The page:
Hi there, I've seen several video's how to tien down puppets and make walk cycles ets. But can somebody explain how you repair the holes you drill in the surface afterwards? I can imagine how to fill the holes on a rough surface. But on a smooth surface, I think you can see al the repairs very easily.
Here's the text from a tutorial I wrote for StopMoShorts years ago. Unfortunately the site is long gone and the pictures no longer exist,so I apologize for references to pictures that aren't there - I hope the text alone gets it across.Ill read over it a bit and see if I need to add anything in a followup post.
You might recognize the image above from Nick’s Tie-Downs; The Animated Movie, which caused something of a sensation around these parts recently. He made it because a lot of newcomers don’t know what a tie-down is. Well, now there’s the movie to answer that question, but people still want to know “How do you hide the holes?” – So I’m writing this little tut to fill in the blanks. The first thing I’d like to bring to your attention…. take a good look at the picture above. Can you see the holes? Cause they’re there. If you’ve watched the animated tutorial, you saw Nick’s pixilated arm come out and drill a bunch of holes before the puppet made its entrance. But because of the camera angle – you can’t see them. Sweet, huh? As the camera moves to a higher angle, they begin to become visible.
Second…. watch a ‘regular’ movie and pay attention to how many shots there are where you actually see the actors’ feet in contact with the ground. Not too many in most cases. You get a lot of shots like these:
No need to hide holes in these shots!
Close ups, mid shots, even nearly full-length shots but with the feet just off the bottom edge. And note the table hiding the puppet in the seated shot. This idea can be carried into walking shots as well… just incorporate some object into the foreground of the set, like a low hedge or a log or whatever seems appropriate to the shot. So far we have a number of simple techniques for hiding holes that don’t require actually disguising them or camoflaging them… mostly just avoiding getting them on camera. Except for the first technique (shooting at an angle) these will also work for action figures or clay puppets that don’t have tie-downs – you can prop them up with big lumps of clay or a tangled mass of wire or lots of tape… a big lump of fun-tac, whatever strikes your fancy.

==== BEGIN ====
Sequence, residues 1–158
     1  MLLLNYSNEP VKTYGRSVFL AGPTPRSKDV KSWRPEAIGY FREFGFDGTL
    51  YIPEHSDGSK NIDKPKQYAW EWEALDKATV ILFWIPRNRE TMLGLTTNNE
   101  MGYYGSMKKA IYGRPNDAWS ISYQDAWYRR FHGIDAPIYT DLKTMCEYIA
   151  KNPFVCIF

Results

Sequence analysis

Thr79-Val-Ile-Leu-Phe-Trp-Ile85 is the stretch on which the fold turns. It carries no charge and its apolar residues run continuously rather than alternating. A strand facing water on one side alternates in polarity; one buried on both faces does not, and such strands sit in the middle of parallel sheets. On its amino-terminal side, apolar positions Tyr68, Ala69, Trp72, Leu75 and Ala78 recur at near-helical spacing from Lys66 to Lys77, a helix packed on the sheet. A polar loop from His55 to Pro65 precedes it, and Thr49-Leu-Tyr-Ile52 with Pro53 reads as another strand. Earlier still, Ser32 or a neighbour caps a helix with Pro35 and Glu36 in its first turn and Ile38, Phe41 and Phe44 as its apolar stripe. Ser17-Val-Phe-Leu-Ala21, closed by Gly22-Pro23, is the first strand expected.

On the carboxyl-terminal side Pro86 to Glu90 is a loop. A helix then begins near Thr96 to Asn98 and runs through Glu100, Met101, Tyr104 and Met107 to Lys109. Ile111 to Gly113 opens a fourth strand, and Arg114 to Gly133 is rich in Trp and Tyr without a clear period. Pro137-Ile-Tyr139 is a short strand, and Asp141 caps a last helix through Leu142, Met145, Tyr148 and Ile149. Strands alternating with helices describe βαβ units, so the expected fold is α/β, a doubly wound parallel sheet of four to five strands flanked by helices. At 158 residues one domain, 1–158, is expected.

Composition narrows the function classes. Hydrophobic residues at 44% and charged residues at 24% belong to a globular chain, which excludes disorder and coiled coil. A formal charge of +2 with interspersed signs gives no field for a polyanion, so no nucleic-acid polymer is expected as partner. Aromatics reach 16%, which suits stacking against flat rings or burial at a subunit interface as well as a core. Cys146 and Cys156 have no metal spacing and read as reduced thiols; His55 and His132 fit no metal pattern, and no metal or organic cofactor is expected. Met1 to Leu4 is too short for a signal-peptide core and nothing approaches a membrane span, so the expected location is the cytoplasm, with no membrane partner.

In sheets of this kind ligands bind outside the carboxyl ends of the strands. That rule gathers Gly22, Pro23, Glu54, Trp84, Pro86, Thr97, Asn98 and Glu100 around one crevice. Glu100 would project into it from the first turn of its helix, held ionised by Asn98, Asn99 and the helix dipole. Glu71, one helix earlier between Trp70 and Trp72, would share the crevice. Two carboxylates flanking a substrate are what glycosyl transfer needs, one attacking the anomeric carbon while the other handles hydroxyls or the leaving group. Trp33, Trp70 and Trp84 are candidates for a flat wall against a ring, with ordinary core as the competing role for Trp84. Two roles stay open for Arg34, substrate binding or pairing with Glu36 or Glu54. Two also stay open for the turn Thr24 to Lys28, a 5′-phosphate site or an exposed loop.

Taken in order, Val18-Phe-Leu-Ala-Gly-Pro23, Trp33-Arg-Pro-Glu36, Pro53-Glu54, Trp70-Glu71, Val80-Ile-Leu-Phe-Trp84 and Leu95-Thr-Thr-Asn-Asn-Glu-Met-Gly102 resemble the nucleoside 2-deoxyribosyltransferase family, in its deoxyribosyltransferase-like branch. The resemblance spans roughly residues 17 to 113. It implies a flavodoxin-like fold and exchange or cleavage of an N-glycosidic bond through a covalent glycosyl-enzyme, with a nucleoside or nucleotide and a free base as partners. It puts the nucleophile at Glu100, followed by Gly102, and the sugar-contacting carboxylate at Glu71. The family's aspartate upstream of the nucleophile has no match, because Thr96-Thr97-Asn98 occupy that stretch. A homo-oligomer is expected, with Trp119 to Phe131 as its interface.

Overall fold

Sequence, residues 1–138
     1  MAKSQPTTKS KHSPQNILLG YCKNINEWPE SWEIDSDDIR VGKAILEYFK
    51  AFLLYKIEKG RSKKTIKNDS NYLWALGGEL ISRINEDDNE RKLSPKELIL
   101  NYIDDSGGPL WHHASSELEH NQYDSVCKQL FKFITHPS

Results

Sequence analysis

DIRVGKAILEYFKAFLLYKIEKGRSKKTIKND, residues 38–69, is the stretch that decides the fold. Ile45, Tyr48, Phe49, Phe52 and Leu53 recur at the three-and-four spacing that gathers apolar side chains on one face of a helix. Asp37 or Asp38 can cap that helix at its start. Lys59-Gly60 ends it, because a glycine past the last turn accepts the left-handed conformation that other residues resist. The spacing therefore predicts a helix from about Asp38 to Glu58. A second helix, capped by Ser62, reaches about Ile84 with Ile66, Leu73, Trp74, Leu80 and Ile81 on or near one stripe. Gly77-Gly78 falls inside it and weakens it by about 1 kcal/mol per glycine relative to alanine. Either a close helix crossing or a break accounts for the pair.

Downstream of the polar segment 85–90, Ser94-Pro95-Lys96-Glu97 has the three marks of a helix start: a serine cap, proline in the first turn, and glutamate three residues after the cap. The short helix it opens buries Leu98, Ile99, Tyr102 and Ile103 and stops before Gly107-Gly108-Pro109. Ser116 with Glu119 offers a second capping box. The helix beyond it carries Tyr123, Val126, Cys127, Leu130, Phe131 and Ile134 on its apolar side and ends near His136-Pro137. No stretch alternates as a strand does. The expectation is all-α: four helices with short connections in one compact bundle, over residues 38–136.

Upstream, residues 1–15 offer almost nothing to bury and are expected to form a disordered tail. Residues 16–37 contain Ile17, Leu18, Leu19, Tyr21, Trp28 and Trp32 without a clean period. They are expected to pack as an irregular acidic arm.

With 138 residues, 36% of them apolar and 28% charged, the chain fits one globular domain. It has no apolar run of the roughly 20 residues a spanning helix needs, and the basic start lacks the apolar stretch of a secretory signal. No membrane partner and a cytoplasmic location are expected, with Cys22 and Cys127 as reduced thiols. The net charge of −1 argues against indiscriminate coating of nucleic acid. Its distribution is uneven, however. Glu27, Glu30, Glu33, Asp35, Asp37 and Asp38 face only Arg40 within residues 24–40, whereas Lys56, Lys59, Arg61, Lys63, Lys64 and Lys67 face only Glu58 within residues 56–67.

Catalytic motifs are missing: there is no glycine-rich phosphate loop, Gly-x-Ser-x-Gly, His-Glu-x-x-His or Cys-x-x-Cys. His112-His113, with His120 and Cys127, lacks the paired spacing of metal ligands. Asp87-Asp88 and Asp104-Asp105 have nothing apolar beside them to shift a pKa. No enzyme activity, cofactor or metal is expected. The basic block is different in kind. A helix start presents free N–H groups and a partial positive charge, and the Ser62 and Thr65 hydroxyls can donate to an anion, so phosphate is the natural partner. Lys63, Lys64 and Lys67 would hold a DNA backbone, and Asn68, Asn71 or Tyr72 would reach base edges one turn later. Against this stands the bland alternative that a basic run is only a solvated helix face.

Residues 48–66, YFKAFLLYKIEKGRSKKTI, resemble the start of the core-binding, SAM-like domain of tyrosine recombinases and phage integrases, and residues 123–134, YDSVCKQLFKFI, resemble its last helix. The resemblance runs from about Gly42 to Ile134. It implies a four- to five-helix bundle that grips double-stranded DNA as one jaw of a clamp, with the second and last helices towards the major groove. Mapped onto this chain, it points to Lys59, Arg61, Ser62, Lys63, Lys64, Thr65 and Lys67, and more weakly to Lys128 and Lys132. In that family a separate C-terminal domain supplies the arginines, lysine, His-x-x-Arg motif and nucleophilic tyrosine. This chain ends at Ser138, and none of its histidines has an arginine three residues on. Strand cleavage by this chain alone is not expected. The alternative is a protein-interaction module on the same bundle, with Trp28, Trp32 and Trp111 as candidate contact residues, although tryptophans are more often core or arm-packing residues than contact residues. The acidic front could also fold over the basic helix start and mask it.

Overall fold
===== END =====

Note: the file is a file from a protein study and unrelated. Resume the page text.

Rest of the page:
Ok, now we’ll get down to the nitty gritty. There will be times when you want to show your puppet walking across the ground or a floor in full view, and you don’t want those pesky holes all over the place. Here are some techniques for that:
Pre-drill & pre-fill
Generally an animator will pre-drill tie-down holes. It’s difficult to drill them mid-shot in close quarters right under the puppet’s feet without knocking him over or doing all kinds of damage, and then you’ve got sawdust to clear away. Much easier to pre-plan where the puppet needs to walk… maybe drill some extra holes if you’re not entirely sure, and use one of the above methods to hide the holes. The kind of wood you use for your tabletop makes a difference here… particleboard or MDF (Medium Density Fiberboard) is composed of tiny particles of wood held together with an adhesive binder, and it’s easy to drill through without getting ragged splintery edges sticking out. Plywood or similar products can splinter and end up looking really weird.